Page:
£18000 - £20000 per annum: Recruitment Genius: This rapidly expanding business...

Guru Careers: In-House / Internal Recruiter

£25 - 28k + Bonus: Guru Careers: An In-house / Internal Recruiter is needed to...

Recruitment Genius: Tax Assistant

Negotiable: Recruitment Genius: A Tax Assistant is required to join a leading ...

Day In a Page

Woman who was sent to three Nazi death camps describes how she escaped the gas chamber

Auschwitz liberation 70th anniversary

Woman sent to three Nazi death camps describes surviving gas chamber
DSK, Dodo the Pimp, and the Carlton Hotel

The inside track on France's trial of the year

Dominique Strauss-Kahn, Dodo the Pimp, and the Carlton Hotel:
As provocative now as they ever were

Sarah Kane season

Why her plays are as provocative now as when they were written
Murder of Japanese hostage has grim echoes of a killing in Iraq 11 years ago

Murder of Japanese hostage has grim echoes of another killing

Japanese mood was against what was seen as irresponsible trips to a vicious war zone
Syria crisis: Celebrities call on David Cameron to take more refugees as one young mother tells of torture by Assad regime

Celebrities call on David Cameron to take more Syrian refugees

One young mother tells of torture by Assad regime
The enemy within: People who hear voices in their heads are being encouraged to talk back – with promising results

The enemy within

People who hear voices in their heads are being encouraged to talk back
'In Auschwitz you got used to anything'

'In Auschwitz you got used to anything'

Survivors of the Nazi concentration camp remember its horror, 70 years on
Autumn/winter menswear 2015: The uniforms that make up modern life come to the fore

Autumn/winter menswear 2015

The uniforms that make up modern life come to the fore
'I'm gay, and plan to fight military homophobia'

'I'm gay, and plan to fight military homophobia'

Army general planning to come out
Iraq invasion 2003: The bloody warnings six wise men gave to Tony Blair as he prepared to launch poorly planned campaign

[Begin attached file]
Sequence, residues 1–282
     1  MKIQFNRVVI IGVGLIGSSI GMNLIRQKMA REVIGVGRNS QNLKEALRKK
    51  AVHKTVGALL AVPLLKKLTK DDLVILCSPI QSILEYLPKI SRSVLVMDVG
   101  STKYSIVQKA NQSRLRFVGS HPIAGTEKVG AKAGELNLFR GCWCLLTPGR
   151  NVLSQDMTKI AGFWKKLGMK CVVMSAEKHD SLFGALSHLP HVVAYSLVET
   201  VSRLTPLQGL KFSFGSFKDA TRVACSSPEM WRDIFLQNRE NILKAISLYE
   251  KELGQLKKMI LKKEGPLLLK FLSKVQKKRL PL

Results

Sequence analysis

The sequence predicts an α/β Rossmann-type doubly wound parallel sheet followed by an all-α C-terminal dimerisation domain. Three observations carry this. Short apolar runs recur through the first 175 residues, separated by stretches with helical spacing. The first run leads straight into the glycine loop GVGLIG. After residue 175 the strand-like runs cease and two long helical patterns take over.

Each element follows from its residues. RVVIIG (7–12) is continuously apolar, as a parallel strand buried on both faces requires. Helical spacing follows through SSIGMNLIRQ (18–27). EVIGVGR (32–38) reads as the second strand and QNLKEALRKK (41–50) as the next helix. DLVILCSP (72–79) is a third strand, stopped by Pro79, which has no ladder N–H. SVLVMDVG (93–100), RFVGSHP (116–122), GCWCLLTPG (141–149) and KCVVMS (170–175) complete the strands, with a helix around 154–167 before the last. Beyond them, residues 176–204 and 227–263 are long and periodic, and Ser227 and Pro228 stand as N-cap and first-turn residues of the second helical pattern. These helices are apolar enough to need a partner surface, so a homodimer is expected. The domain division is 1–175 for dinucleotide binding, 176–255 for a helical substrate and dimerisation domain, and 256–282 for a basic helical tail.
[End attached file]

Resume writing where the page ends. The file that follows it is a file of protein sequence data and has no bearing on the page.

What the six wise men told Tony Blair

Months before the invasion of Iraq in 2003, experts sought to warn the PM about his plans. Here, four of them recall that day
25 years of The Independent on Sunday: The stories, the writers and the changes over the last quarter of a century

25 years of The Independent on Sunday

The stories, the writers and the changes over the last quarter of a century
Homeless Veterans appeal: 'Really caring is a dangerous emotion in this kind of work'

Homeless Veterans appeal

As head of The Soldiers' Charity, Martin Rutledge has to temper compassion with realism. He tells Chris Green how his Army career prepared him
Wu-Tang Clan and The Sexual Objects offer fans a chance to own the only copies of their latest albums

Smash hit go under the hammer

It's nice to pick up a new record once in a while, but the purchasers of two latest releases can go a step further - by buying the only copy
Geeks who rocked the world: Documentary looks back at origins of the computer-games industry

The geeks who rocked the world

A new documentary looks back at origins of the computer-games industry
Belle & Sebastian interview: Stuart Murdoch reveals how the band is taking a new direction

Belle & Sebastian is taking a new direction

Twenty years ago, Belle & Sebastian was a fey indie band from Glasgow. It still is – except today, as prime mover Stuart Murdoch admits, it has a global cult following, from Hollywood to South Korea